Tag Archives: stationery

The Pencil

I inherited a love for stationery from my dad; I’ve made no secret of that over the years.  I’ve had an affinity for writing instruments–ballpoint pens, in particular–since I was a young boy.  My dad instilled in me a love for the Parker Jotter, a fine ballpoint if ever there was one.  As a schoolboy, I favoured the classic Bic–sometimes straying into Papermate territory, but always returning to the Bic.

Over the years, I accumulated quite the collection of both “fine” refillable pens (Parker, Cross, Schaeffer, etc.) and cheap disposables.  I was always in search of the perfect pen, but that journey always brought me back to the Parker Jotter and the Bic.

In recent years, I have begun to recognize the pointlessness of collecting–in fact, I realized I had a deep distaste for accumulation, which (ironically) was vexed by my concommitant compulsion to buy more pens.  So I worked at losing that habit.  But I’m not stationery sober.

As I write this, I anxiously await the arrival of a box of 12 ForestChoice #2 unpainted Incense-cedar pencils, which I purchased online.  Apparently they write like (almost) no other pencil.  Where did this new compulsion come from?  I’ve always liked pencils.  My handwriting is noticably better with a pencil than a ballpoint pen (fountain pens are nice, but I find they need to be positioned awkwardly to write) and there was just something about a plain old pencil…so simple, so earthy, so malleable.  But people didn’t write with pencils–certainly not in professional and academic settings, or so I thought.

I’ve dabbled in the pencil world–trying out and liking very much the classic Dixon Ticonderoga and the Mirado (which I recently discovered has a wax-infused core for smoothness!).  But what sparked this?  I confess: I think it was Murray, band manager (Flight of the Conchords), who always has a Ticonderoga in hand for band meetings (“Brett?”  “Present.”  “Jemaine?”  “Present.”  “Murray?  Present.”)  That got me thinking again about the pencil as a primary writing instrument.  And then I read somewhere about pencils and pads being given out for high-profile executive meetings and that sealed the deal.  Who cares if a pencil can be erased?  Why does the pen get all the prestige? It’s a legitimate primary writing tool, folks!

So I eagerly await the unasssumingly packaged set of 12 #2 unpainted Incense-cedar graphite pencils by ForestChoice.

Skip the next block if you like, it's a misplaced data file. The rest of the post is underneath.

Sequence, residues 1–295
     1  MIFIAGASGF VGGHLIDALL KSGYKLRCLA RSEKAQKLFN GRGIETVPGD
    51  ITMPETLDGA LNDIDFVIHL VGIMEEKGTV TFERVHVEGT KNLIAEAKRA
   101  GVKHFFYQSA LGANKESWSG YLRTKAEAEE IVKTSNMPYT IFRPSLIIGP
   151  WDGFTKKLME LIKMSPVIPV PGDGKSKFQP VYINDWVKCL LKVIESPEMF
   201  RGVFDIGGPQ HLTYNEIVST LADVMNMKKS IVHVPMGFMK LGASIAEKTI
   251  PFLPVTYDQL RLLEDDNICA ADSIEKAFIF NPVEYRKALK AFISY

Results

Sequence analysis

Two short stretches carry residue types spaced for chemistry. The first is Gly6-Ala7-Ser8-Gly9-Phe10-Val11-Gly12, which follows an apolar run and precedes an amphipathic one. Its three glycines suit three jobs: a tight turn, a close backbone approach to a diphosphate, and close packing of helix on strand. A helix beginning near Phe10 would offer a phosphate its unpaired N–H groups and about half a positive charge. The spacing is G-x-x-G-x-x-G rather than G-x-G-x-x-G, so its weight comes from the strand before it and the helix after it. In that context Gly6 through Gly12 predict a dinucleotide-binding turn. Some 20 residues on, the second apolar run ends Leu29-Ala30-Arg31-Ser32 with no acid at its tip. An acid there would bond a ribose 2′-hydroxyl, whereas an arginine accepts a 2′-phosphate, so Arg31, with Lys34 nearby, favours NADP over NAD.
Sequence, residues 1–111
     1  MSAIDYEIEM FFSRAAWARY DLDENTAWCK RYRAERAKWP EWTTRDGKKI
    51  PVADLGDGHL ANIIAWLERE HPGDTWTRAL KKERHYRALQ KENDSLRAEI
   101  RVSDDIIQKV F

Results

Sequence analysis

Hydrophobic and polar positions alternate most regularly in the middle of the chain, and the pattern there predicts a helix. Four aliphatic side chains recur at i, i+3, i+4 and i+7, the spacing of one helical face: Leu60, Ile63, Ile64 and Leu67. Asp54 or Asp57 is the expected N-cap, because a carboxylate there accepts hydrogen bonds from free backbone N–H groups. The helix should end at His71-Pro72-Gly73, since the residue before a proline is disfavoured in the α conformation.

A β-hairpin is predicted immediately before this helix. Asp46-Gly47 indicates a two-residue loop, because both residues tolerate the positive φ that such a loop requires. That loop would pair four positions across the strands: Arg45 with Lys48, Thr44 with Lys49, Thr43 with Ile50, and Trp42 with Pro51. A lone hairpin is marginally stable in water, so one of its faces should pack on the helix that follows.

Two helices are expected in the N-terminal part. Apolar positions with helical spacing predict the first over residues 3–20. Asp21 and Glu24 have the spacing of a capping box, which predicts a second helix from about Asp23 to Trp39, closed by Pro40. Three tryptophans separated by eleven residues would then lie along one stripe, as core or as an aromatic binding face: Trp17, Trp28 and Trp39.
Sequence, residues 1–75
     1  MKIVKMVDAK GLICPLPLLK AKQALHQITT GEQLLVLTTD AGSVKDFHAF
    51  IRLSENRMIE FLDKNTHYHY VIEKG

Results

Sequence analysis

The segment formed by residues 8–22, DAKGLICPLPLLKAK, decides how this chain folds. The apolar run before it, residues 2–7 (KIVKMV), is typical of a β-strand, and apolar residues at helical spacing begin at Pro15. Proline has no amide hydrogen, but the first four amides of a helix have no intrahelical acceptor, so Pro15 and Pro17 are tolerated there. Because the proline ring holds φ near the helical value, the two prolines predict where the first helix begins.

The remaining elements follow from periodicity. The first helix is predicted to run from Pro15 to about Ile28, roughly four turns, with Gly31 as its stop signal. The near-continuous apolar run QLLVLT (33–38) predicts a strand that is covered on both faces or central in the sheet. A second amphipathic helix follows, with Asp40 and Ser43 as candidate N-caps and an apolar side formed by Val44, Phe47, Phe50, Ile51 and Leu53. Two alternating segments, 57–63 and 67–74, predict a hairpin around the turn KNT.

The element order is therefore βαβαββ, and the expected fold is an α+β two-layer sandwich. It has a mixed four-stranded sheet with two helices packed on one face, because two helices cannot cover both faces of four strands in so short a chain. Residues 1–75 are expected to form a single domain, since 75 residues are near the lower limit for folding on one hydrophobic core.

And in the meantime, I’ve also ordered (don’t tell Dixie) a package of six Palomino pencils, which are also, apparently, quite something.  They are crafted in Japan by a renowned pencil maker.  So they say.

And also in the meantime, 14 reasons (woodcase) pencils are awesome:

1. They are natural — wood and graphite.  Can’t get more natural than that.  Pens: plastics, inks, chemicals, etc.

2. They are simple.  Wood + graphite = pencil.  Well, technically, just graphite stick = pencil.

3. They are erasable.  I know there are erasable pens, but how many people do you know who use them?  They must not work well.

4. It ages with you.  What I mean is, you can see a pencil age in a way that the draining ink in a clear-barrelled pen does not allow.  The pencil gets shorter, the print on the sides wears out, it gets covered in teeth marks, etc.

5. Pencils are somewhat edible.

6. No surprise empties.  You’re not likely to pick up a pencil to write something only to discover its out of lead (unless it’s mechanical).  This will happen with a pen, all the time.

7. Pencils don’t dry up.  If you can see graphite, it will write.  Not so with ink.

8. Pencils make that delightful scratching noise as you write.

9. Better handwriting

10. I can use a pencil to underline and mark books in good conscience.  I cannot use a pen.

11. A pencil will not leave a stain in your pocket.

12. A pencil is, arguably, more environmentally friendly (largely made of natural products–I can toss a pencil and feel no worse about it than if I was tossing a branch and some rocks).

13. Any pencil will write upside down.

And, finally, some pencil-related blogs: